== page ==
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Player of the week: Blane Kete

Blane Kete. PHOTO/JADE CVETKOV

Greytown blindside flanker Blane Kete has been making a massive impact, mainly coming off the bench for the runaway competition leaders. CHRIS COGDALE caught up with the self-employed Masterton builder.

It’s fair to say Blane Kete is a late bloomer. Although aged 33, Kete’s rugby experience has been sporadic.

The grandson of the late Toby Hawea, an outside back for Wairarapa from 1961-67, it’s surprising that Kete didn’t take up rugby until at Masterton Intermediate School.

Judo was Kete’s sport, and he excelled, finishing second at the 2004 national secondary school championships and winning two silvers at the New Zealand championships.

When he took up rugby, the skills and strength gained from judo was a big advantage. He played for the Wairarapa College 1st XV and represented Wairarapa-Bush in age groups along with Tavita Isaac, Ray Oakley, and Nick Olson – all current Greytown players.

After school, Kete trained as a builder’s apprentice in Wellington and joined Poneke, playing in the club’s colts and senior first sides.

He then spent six years in Australia but played only one season for Surfer’s Paradise.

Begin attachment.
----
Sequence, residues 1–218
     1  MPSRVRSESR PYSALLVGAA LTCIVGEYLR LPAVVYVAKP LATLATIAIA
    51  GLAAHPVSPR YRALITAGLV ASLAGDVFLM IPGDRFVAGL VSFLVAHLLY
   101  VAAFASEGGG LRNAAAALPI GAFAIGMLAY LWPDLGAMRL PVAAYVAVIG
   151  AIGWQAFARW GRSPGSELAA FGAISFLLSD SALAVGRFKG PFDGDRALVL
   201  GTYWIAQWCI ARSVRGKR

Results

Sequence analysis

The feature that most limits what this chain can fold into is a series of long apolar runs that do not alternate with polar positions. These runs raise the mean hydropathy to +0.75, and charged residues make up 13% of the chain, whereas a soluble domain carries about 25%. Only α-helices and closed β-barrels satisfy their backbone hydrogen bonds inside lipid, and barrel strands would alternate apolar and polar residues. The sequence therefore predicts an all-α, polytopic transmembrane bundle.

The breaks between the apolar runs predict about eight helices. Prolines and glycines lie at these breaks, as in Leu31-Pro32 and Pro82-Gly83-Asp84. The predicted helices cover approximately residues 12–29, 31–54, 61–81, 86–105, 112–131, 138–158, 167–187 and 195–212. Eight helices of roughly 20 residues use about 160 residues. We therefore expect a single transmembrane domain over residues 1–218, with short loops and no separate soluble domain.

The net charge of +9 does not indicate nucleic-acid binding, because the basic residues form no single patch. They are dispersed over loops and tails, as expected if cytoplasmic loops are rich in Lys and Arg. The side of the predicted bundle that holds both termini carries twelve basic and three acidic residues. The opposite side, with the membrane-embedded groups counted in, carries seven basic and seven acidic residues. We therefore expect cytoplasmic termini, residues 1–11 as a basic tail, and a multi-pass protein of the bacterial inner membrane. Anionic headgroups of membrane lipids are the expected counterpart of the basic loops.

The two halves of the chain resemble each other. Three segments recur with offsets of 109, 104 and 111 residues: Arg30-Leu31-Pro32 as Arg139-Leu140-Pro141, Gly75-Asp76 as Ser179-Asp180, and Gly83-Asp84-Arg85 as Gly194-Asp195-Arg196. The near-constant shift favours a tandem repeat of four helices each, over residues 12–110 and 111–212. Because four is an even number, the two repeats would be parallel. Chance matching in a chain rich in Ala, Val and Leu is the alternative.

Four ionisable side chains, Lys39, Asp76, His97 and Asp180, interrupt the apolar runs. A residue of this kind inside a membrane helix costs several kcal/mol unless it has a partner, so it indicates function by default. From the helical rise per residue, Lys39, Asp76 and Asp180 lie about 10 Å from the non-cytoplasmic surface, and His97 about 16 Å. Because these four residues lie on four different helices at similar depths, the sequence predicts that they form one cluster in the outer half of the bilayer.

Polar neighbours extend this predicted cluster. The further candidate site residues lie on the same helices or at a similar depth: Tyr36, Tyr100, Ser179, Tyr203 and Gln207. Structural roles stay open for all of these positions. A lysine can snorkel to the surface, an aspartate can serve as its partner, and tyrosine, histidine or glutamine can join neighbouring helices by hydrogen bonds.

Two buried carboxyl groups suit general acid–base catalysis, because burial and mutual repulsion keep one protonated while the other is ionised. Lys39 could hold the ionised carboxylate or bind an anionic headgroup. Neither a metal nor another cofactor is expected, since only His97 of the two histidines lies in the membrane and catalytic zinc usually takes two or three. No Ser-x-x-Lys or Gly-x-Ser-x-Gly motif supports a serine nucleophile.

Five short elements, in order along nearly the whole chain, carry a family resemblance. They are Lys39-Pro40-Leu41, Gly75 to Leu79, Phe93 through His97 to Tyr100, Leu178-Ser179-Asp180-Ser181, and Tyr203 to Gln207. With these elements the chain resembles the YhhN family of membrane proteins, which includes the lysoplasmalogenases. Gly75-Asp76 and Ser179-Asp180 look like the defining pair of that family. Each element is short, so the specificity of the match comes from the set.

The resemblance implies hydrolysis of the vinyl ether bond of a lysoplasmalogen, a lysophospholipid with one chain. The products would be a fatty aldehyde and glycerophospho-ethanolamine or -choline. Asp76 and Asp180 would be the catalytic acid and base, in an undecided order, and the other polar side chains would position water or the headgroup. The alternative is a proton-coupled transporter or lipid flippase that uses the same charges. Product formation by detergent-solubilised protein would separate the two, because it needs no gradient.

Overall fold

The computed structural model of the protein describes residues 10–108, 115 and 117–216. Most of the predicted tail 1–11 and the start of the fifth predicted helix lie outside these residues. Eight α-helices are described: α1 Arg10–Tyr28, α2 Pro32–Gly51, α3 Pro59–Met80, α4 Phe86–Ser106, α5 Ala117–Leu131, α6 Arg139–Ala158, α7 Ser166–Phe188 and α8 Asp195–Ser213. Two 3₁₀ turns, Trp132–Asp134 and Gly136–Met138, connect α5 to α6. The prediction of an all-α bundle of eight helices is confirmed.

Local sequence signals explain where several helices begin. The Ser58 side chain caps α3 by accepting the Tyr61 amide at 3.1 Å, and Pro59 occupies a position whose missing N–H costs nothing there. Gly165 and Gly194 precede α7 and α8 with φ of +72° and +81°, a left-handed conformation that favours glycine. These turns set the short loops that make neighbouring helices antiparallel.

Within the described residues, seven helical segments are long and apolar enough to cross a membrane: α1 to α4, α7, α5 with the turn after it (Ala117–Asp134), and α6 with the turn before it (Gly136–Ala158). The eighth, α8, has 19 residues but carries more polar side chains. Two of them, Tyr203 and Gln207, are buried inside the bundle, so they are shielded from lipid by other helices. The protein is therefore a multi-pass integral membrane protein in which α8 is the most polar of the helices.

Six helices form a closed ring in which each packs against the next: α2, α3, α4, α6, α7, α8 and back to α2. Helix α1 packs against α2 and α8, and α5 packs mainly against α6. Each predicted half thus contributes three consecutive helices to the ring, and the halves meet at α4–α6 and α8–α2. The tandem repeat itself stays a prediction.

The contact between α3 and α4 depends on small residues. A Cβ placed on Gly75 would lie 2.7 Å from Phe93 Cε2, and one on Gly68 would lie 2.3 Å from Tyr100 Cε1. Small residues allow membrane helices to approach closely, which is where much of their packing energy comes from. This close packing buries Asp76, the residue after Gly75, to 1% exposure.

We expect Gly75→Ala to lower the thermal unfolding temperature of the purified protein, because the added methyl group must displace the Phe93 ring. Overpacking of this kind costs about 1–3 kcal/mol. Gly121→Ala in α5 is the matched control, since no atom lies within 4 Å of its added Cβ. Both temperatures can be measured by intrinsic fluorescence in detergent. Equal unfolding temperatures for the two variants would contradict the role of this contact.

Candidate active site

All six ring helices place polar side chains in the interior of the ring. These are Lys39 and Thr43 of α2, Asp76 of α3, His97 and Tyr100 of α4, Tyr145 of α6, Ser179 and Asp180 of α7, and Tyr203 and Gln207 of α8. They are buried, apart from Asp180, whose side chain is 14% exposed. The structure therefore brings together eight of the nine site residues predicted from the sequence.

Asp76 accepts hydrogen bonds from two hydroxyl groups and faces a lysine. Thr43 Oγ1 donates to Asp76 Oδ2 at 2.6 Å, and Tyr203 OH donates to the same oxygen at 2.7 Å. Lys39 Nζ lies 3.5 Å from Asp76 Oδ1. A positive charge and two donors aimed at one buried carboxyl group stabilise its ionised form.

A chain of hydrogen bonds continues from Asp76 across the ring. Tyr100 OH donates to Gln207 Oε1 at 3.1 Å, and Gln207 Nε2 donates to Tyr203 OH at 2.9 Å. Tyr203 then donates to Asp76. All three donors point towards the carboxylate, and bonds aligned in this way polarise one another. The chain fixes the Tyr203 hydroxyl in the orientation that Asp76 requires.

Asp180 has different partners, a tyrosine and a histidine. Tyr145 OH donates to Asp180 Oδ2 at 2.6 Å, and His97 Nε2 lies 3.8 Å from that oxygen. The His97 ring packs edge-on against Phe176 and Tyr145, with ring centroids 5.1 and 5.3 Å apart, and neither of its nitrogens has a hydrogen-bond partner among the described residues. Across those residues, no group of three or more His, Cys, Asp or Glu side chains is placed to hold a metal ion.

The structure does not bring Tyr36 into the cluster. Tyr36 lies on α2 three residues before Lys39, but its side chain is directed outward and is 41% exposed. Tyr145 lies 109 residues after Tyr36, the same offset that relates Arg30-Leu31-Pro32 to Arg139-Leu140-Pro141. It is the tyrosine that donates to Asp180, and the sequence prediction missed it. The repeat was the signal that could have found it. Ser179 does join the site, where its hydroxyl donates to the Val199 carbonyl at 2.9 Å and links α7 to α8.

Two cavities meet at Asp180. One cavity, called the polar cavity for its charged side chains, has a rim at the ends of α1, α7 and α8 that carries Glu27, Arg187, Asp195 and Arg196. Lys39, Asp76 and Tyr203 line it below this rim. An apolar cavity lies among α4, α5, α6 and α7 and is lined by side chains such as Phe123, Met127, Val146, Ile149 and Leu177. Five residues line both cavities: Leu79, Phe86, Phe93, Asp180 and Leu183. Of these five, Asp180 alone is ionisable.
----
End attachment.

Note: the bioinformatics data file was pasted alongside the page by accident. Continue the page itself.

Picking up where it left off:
Back home in 2017, Kete played for Greytown before he headed to London, and rugby went on the back burner.

The calling of Wairarapa was strong though, and Kete returned in 2020, just beating the covid-19 travel restrictions.

“There’s no place like home, it’s nice to be by family and old friends, and the rugby, the culture, and just the lifestyle – it’s much better over here,” Kete said.

Injury curtailed last season, but now injury-free Kete has been in outstanding form coming off the bench, but a groin injury to inspirational captain Isaac meant an early introduction
on Saturday.

“Gladdy came out firing and outmuscled us, and we were a bit shell-shocked, and there was a bit of bickering, but we put our heads down and muscled up against them, and once we did that, we could use our backs,” he said.

Kete is confident Greytown can win the championship, with the culture in the club playing a big part.

“It is hard to explain how well the boys have bought into looking after each other, not only at trainings, but also in fundraising, and making up our own haka – I’ve never experienced anything like it before.”

Away from the rugby field Kete is too busy with the new house he purchased with partner Nicole, and his recently established building business.

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